Democratic Citizenship and Participation are the units comprising education and youth issues within the Directorate General II for Democracy in the Council of Europe (COE). Both play a substantial role for promoting the values of the Council of Europe among young people in its member states and neighboring countries. The fifty states to the European Cultural Convention, initiated by the Council of Europe, therefore focus their activities on enhancing young people’s commitment to human rights, the rule of law and democracy.Continue reading “DARE statement on the draft contingency plan for the COE budget – May 2019”
Recommendations based on the cooperation and analysis in the STEPS project.
In more and more countries in Europe basic democratic participation rights are rejected and questioned, large groups in societies, political parties and government promote authoritarian rule, right-wing populist parties and their leaders deny human rights to certain societal groups and are dismantling democracy, ordinary people and elected politicians spread hate on NGO´s and undermine democratic decision-making, mistrust is rising on the capacity of the political levels to solve societal challenges. As a consequence, there is a definite need to consider the role of Education for Democratic Citizenship and Human Rights (EDC/HRE) with young people. With the European project STEPS (E+ KA 1 mobility project), DARE members aim to identify the relationship between populism, post-truth, radicalisation and EDC/HRE as work with young people on the political dimension and on the pedagogical dimension of EDC in youth work.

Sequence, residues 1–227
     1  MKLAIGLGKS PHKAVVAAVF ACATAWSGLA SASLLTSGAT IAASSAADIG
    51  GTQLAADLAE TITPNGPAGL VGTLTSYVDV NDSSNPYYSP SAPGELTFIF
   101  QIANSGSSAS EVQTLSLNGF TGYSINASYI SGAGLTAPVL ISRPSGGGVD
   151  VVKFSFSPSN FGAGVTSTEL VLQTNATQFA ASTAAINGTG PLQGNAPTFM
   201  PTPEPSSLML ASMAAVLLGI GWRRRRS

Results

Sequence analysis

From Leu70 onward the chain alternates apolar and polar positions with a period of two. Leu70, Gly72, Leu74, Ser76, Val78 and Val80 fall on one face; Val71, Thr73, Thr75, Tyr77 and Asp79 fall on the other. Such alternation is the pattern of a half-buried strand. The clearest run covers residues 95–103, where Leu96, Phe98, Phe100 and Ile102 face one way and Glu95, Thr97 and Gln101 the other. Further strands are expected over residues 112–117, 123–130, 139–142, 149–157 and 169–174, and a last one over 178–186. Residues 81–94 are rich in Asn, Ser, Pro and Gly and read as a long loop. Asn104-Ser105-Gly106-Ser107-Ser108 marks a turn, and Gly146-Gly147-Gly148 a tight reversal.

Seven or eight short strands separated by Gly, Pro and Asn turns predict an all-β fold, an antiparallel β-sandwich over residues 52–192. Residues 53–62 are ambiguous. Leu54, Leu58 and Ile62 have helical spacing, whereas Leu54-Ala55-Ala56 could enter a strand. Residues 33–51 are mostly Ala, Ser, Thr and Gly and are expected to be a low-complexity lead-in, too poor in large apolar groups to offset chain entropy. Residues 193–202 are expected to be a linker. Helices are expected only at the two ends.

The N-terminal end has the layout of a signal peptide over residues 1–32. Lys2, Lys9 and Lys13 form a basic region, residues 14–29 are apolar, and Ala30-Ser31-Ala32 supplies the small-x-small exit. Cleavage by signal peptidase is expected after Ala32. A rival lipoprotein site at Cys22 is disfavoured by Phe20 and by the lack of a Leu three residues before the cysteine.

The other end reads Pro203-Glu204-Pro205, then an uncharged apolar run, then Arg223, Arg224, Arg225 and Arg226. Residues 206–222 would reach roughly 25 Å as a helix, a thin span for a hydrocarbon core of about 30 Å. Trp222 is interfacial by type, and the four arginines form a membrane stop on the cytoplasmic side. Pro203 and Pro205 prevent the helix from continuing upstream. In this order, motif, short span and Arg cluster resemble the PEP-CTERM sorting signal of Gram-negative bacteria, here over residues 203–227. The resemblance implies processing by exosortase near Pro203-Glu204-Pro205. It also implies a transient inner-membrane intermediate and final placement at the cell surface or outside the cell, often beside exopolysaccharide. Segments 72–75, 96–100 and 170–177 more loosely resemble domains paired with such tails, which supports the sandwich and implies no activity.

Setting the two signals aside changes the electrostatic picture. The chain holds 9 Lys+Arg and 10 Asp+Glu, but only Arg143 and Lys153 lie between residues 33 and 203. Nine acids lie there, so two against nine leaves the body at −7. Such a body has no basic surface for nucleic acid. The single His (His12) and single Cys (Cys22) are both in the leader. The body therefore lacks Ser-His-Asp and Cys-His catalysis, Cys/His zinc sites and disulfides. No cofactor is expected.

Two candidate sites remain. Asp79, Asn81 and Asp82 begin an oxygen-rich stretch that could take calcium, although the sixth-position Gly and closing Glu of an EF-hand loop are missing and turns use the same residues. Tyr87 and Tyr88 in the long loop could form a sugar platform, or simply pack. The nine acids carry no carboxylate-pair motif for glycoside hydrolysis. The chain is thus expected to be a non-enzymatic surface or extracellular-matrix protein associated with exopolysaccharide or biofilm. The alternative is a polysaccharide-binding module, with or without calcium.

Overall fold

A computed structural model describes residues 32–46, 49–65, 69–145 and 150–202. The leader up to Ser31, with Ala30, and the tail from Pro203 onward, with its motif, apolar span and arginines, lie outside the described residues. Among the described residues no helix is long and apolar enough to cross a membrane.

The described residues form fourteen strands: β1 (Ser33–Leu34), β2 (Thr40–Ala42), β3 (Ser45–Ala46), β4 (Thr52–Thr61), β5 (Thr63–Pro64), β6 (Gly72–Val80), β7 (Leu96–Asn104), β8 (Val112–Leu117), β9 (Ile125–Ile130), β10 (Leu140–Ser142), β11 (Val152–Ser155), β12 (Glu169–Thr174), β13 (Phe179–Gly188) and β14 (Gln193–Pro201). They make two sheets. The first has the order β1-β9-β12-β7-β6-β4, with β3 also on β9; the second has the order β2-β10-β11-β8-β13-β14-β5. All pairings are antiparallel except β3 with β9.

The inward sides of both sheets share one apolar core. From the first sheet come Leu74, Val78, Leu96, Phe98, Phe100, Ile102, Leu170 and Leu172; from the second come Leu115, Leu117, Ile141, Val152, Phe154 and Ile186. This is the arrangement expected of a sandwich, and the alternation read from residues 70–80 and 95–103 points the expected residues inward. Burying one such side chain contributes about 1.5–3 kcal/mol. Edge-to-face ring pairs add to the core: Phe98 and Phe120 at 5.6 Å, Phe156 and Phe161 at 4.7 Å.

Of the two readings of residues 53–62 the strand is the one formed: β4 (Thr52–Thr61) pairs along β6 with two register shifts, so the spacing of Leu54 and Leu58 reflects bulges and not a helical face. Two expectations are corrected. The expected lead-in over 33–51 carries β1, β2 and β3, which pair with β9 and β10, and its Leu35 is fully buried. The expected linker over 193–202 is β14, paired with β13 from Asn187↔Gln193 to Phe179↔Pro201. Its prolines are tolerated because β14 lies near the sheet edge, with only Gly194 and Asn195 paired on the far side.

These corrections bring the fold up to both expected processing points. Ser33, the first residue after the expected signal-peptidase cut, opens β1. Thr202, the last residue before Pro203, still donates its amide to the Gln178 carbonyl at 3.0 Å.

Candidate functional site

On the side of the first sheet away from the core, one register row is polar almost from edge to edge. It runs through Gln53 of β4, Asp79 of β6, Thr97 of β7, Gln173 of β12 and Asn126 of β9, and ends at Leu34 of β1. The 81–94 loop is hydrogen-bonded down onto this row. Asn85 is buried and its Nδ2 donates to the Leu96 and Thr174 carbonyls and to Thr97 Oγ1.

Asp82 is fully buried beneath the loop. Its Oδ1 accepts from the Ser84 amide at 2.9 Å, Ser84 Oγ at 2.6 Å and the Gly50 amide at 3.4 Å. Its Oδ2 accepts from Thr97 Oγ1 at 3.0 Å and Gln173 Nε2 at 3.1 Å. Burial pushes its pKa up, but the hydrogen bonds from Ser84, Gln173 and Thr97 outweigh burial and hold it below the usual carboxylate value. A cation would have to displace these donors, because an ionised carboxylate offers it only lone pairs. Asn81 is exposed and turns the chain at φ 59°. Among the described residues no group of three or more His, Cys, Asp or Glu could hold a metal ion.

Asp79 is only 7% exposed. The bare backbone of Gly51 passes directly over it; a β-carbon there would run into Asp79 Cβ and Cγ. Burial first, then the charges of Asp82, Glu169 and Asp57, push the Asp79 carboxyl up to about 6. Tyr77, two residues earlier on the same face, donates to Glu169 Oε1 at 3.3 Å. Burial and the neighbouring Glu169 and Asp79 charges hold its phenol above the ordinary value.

We face a growing and interdependent variety of challenges of complex natures: economic growth with less jobs to offer, migration and flight, security issues and liberal freedom, global competition, climate change, distribution of wealth and solidarity, access to social rights, to name but a few. These challenges largely affect the basics of solidarity and democratic living together, they are contributing to a resurgence of nationalism in its current form of right-wing populism, which are increasing those challenges even more.